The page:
How can Cameron appeal to two audiences at the same time?
Whenever pollsters ask about the main issue that concerns voters then immigration invariably comes top of the list. In the latest Ipsos-Mori poll 41% of those interviewed said, unprompted, that “race relations/immigration/immigrants” was amongst their top concerns.
Politicians of all parties know this and are ultra-careful when they move into this policy area – but peddling what appears to be a highly populist anti-immigrant line can have its own dangers. – and the person facing the biggest challenge is David Cameron.
For the section of the electorate most likely to be sensitive by a tough anti-immigrant stance are Lib Dem supporters including many, now doubt, who have switched their allegiance to Cameron’s liberal conservatism since the general election.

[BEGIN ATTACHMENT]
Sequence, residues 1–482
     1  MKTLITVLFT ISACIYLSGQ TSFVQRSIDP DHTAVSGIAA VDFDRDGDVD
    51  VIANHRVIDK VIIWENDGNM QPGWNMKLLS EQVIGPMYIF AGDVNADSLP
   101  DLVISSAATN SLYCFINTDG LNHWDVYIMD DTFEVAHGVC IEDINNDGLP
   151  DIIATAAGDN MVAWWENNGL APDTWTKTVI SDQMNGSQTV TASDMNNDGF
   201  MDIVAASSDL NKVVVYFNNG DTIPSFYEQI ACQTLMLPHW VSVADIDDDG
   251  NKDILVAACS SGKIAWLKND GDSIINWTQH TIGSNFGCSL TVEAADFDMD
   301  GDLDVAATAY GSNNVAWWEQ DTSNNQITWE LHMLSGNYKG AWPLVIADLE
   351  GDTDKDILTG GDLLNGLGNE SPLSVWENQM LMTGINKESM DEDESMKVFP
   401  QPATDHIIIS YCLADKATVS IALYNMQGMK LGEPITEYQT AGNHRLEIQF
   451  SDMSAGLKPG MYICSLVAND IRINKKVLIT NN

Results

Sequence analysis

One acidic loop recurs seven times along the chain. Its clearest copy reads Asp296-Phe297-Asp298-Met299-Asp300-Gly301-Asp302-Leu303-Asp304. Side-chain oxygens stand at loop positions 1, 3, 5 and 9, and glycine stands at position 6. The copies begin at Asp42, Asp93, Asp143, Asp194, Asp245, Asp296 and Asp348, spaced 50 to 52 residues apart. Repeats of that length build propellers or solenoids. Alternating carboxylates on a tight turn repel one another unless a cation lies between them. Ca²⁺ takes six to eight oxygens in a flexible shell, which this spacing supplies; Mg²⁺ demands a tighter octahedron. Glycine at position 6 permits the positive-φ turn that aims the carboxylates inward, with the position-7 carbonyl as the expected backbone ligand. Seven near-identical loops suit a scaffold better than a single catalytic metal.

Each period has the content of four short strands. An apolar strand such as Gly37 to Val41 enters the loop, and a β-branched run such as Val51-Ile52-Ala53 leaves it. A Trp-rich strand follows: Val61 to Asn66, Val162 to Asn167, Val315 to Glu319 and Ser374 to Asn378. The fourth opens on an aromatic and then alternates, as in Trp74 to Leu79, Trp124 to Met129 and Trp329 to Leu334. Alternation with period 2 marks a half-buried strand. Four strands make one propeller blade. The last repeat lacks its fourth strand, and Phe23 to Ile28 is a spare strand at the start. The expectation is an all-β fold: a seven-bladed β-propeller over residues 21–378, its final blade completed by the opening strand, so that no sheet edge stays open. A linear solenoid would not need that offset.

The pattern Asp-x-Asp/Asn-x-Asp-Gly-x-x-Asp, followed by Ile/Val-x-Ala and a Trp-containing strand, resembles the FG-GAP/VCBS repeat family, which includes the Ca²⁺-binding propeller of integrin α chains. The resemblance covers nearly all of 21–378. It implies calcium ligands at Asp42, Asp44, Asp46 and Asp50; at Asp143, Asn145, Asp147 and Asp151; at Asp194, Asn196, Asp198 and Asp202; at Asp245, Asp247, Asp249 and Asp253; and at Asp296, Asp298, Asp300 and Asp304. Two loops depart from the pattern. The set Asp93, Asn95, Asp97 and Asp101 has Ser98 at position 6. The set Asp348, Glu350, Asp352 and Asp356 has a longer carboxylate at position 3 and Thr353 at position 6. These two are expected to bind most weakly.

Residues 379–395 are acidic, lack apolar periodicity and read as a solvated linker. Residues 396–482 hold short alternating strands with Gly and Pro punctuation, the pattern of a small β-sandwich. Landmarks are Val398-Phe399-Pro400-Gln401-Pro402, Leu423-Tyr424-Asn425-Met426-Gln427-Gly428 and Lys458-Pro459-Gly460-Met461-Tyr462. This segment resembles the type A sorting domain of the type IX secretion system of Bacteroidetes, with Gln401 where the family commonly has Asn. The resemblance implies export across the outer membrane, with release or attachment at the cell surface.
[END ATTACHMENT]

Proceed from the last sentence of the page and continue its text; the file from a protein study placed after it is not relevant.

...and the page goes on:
Could straying into this territory, as the Tory leader did to today, be a turn-off to many of those whose support he has managed to win in the past two years?
All this allowed the Lib Dem home leadership contender and home affairs spokesman, Nick Clegg, to accuse Cameron of “pandering to the right wing in his own party and claims that immigration numbers should be cut without having the faintest clue as to how that would happen”.
Labour have to be very careful in this area too. The Michael Howard-style approach adopted by John Reid was doing the party no good amongst this key group of centre voters.